Tiger bone trade: Shocking reason why people film big cat slaughter exposed | World | News

BBC documentary ‘Tigers: Hunting the Traffickers’ exposed the dark trade of “luxury items” made using the bones of big cats, last month. The horrifying revelations shone a light onto the criminals who brutally butcher tigers for the rich. Tiger bone wine and glue are consumed by some as a way to show-off their wealth and for others an aid to improve sexual performance. For wealthy individuals who buy into this dark trade, ensuring the cruelly-produced product is genuine is a major concern. Many either watch the vicious killings with their own eyes or have it filmed for veracity. Documentarian Aldo Kane and Environmental Investigation Agency’s Debbie Banks gave Express.co.uk a greater insight into the disturbing multi million pound industry.

Estimates from the World Wildlife Fund (WWF) state there are fewer than 4,000 tigers in the wild – but there are many more in captivity.

There are believed to be up to 8,000 tigers held in East and Southeast Asia alone, none of whom will not be released back into their natural habitats.

China, Laos, Thailand and Vietnam, have specifically been highlighted as problematic nations – because of their battling against the illegal trade of animal body parts.

They are turned into “commodities” including tiger bone wine and glue, as shown in former-Royal Marine Aldo Kane’s shocking BBC documentary. 

He worked alongside wildlife investigators and activists to expose the cruel trade that sees tigers slaughtered for the rich.

In these southeast Asian cities some pay as much as $700 per 100 gram block of tiger bone glue, which is consumed after being added to alcohol.

An adult tiger killed in this horrific trade can be turned into 12 pieces of the dark black substance – totalling $84,000 (£67,800) for every big cat killed.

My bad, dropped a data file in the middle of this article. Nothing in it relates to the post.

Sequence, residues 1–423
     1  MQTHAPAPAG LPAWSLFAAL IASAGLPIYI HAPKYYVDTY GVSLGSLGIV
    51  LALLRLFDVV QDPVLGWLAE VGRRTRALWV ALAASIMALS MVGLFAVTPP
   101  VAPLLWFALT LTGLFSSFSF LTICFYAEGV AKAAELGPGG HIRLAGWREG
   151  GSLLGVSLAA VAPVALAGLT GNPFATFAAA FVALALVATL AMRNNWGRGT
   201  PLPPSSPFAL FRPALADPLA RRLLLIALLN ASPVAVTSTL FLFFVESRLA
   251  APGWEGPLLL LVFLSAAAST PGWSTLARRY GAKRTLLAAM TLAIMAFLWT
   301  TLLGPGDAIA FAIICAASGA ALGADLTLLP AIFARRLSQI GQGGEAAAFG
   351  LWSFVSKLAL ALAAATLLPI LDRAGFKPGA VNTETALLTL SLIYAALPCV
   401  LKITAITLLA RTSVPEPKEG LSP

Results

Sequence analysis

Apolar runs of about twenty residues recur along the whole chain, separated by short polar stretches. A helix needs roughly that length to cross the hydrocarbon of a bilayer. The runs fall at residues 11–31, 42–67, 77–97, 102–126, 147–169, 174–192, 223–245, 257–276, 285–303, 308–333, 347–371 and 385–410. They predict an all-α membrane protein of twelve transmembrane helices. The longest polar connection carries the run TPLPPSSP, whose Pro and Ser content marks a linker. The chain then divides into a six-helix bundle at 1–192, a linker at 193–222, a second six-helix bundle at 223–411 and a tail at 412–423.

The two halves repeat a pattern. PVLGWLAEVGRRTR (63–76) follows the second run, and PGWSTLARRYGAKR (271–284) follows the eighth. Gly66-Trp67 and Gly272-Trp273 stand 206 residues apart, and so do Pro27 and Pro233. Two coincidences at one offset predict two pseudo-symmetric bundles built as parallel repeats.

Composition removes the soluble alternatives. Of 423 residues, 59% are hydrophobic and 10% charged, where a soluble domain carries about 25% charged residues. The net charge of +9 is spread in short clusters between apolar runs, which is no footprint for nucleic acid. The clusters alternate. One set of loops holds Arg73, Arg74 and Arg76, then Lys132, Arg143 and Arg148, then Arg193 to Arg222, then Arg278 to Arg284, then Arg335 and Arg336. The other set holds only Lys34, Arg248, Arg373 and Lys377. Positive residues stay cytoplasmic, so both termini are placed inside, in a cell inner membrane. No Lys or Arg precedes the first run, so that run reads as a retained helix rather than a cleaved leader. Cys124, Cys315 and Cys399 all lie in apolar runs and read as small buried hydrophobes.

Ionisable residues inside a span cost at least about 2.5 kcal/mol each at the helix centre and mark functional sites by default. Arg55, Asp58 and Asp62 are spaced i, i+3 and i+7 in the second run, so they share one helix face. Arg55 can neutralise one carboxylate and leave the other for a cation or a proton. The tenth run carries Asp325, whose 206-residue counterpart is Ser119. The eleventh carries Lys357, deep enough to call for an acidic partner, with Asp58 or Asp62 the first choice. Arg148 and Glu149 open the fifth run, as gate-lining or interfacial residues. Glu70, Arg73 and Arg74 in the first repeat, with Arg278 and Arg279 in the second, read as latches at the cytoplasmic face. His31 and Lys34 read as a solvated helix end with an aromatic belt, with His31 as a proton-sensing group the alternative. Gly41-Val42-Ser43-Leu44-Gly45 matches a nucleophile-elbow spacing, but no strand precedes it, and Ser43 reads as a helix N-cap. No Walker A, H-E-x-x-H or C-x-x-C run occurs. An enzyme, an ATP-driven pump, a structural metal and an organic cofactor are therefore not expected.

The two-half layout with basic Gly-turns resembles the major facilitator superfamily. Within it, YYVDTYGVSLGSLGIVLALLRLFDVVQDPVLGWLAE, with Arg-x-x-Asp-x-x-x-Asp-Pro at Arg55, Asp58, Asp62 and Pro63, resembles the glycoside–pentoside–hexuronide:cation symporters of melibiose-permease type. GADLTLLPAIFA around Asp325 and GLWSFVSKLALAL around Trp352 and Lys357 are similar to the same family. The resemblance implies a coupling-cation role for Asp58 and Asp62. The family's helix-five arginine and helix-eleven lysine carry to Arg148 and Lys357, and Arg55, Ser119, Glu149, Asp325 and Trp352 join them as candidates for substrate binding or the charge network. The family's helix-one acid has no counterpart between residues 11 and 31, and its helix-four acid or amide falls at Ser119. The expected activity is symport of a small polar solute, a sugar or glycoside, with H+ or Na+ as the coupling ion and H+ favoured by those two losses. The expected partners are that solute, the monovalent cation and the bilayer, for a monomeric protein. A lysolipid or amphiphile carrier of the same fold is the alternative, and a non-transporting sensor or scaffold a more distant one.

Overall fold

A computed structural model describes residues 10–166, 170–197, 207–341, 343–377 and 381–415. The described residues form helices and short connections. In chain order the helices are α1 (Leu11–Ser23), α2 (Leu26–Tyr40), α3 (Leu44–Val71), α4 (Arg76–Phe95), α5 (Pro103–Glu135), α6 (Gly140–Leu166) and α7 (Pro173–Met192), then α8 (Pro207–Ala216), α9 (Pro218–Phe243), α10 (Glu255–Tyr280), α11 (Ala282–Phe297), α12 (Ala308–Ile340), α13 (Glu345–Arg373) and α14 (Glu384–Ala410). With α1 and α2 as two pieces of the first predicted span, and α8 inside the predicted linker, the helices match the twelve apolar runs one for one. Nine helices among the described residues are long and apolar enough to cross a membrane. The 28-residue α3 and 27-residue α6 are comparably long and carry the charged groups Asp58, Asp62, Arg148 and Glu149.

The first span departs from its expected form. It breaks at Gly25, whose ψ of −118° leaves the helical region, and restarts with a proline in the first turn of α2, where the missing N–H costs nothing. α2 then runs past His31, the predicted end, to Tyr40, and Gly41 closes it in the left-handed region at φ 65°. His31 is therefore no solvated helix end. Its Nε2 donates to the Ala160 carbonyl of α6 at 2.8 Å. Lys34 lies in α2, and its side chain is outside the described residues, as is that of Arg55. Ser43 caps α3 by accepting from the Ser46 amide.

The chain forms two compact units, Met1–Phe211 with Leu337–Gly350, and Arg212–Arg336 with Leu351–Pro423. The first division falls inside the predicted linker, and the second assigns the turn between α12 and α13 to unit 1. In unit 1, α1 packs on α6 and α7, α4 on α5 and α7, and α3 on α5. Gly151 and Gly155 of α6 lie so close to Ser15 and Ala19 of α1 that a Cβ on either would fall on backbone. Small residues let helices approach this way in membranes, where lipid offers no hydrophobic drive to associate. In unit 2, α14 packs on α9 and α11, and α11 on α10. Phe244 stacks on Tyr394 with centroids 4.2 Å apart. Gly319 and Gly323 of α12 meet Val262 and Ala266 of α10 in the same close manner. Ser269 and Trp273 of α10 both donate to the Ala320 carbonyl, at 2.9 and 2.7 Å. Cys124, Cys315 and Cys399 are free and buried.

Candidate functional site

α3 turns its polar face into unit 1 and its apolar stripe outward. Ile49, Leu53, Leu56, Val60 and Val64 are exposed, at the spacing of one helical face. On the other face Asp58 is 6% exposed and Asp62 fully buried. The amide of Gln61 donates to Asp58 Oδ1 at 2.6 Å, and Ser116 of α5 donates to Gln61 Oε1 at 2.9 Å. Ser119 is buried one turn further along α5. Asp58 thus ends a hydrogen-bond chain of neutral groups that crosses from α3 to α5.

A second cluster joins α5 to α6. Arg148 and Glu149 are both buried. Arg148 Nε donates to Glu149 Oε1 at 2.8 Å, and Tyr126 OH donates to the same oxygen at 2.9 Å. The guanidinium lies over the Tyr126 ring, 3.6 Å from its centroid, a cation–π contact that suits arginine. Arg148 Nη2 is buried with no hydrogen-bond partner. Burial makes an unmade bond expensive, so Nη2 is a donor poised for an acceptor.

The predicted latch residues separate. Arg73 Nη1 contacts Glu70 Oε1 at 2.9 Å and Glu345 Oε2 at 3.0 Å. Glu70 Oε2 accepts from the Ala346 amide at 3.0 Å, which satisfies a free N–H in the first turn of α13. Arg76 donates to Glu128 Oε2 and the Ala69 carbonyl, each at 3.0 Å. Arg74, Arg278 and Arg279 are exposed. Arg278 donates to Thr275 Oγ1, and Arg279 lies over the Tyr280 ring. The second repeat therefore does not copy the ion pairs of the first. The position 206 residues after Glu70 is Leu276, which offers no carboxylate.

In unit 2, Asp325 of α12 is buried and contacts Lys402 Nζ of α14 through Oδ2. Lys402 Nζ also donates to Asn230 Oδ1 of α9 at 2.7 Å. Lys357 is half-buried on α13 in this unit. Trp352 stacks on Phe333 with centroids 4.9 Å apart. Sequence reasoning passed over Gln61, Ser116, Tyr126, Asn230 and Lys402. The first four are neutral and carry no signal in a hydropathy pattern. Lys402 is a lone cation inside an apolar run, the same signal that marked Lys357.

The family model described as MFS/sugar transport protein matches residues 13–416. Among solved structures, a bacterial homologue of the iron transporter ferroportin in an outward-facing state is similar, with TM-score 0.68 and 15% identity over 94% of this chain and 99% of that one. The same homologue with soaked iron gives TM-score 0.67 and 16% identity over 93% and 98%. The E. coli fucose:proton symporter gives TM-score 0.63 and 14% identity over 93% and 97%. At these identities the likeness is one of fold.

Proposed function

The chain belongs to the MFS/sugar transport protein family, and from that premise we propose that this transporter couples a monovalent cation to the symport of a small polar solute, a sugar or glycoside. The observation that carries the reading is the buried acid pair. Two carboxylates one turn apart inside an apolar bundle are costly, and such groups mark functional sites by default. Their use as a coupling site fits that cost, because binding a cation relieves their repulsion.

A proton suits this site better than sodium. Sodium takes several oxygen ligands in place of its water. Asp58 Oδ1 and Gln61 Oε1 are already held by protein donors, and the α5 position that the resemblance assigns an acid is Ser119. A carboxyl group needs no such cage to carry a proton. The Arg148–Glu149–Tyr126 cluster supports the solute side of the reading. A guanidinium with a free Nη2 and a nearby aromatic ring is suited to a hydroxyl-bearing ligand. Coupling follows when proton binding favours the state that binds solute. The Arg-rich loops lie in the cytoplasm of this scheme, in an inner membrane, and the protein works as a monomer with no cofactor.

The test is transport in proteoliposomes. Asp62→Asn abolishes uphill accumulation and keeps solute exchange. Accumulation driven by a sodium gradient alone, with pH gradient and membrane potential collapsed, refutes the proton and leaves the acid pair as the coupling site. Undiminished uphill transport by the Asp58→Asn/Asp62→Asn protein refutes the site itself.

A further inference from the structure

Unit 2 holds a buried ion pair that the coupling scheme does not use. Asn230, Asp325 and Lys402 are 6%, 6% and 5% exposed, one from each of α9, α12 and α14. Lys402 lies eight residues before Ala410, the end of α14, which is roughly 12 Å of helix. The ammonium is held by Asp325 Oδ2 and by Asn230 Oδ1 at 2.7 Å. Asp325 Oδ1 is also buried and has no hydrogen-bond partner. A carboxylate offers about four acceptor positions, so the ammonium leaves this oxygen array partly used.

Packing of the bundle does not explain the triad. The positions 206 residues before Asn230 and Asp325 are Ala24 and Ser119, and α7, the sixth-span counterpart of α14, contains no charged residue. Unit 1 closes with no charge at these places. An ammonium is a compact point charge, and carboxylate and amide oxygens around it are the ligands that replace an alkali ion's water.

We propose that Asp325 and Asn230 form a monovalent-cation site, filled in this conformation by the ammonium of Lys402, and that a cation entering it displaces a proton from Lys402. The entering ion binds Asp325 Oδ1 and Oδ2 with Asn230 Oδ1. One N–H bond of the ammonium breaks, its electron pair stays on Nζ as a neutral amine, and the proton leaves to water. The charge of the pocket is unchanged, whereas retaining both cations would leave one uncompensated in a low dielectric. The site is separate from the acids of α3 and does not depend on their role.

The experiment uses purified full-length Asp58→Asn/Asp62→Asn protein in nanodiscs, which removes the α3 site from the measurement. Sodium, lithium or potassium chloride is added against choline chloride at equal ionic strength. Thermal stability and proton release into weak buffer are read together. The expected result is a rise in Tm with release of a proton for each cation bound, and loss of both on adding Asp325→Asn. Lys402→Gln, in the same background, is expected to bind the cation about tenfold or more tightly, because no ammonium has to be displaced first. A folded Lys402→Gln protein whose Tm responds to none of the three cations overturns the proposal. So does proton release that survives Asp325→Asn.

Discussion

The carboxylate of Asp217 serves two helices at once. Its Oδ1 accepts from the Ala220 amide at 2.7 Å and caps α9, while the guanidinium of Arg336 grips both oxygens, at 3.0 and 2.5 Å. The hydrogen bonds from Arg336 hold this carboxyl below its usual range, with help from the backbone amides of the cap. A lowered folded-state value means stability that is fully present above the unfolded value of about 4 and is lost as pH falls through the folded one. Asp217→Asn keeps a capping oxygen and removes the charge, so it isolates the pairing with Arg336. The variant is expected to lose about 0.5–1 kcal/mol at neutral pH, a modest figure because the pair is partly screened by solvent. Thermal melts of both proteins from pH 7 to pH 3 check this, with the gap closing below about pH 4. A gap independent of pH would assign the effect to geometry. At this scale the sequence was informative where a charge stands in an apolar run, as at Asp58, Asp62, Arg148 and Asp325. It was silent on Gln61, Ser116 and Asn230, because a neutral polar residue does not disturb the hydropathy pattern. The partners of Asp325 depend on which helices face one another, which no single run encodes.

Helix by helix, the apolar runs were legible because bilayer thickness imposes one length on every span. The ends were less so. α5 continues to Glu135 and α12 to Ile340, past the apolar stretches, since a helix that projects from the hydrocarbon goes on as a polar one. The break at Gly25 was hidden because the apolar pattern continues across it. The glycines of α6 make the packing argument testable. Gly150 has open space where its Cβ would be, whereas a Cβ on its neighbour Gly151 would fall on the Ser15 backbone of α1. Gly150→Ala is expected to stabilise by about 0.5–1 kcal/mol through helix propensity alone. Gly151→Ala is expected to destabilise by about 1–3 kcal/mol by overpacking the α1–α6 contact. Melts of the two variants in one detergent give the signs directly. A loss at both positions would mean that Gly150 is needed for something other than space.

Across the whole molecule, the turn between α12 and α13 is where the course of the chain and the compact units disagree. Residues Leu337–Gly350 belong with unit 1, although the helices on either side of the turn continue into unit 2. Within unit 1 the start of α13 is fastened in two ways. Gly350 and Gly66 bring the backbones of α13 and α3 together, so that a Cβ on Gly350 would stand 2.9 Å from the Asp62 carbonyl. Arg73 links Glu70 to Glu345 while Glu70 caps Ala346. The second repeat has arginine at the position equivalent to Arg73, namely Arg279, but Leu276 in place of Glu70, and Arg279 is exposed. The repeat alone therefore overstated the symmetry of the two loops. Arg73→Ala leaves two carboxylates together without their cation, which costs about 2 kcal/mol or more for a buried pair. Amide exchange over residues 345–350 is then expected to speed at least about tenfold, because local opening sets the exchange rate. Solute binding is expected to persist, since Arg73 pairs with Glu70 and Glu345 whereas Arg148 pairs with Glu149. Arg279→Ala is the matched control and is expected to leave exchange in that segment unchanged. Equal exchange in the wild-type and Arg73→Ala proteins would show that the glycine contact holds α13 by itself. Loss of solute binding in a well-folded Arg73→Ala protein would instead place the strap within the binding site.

A secondary way the animal is turned into a “luxury item” is through their bones being stewed in wine for up to eight years and similarly sold on. 

During Mr Kane’s documentary, wildlife investigator Chau Doan went undercover twice to expose the trade and revealed the abhorrent conditions tigers were being kept in.

Left in tiny cages only a “few feet across”, the big cats ballooned and were believed to be pumped with liquid to increase their weight – making them more attractive to buyers.

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This was furthered by Debbie Banks of the Environmental Investigation Agency (EIA) who has worked to combat big cat crime for more than 20 years.

She explained that tigers bones are often supplemented with the bones of lions from South Africa – where more than 800 skeletons are legally allowed to be exported each year.

Ms Banks told Express.co.uk: “Once lion bones are in the tiger bone trade most people can’t tell the difference between the skeletons.

“Their skulls are very similar, so you would need an anatomical expert and clean bones without flesh left on them to tell the difference.”

She claims that Vietnamese traders who traffic lion and tiger bones together sell them for an inflated price.

Ms Banks added: “The tiger is seen as the ‘king of the cats’ and so is sold for a higher value.

“The people importing African lion bones have high profit margins as the bones are much cheaper to buy than tiger.”

This distrust in those selling the products have led many to visit the slaughterhouses for an unusual “vacation” where they can also verify the products are legitimate.  

Ms Banks told Express.co.uk: “The consumers want tiger, which is why some will go to a house and watch their tiger being killed and butchered in front of them.

“There they wait for two or three days while bones are boiled into a glue.

“During this time they will be drinking tiger blood, eating tiger meat and then they will take the item to gift or sell to others.

“Equally the traders themselves are videoing it and posting that online to market themselves genuine tiger traders.”

To find out more about the work of the Environment Investigations Agency visit: www.eia.com

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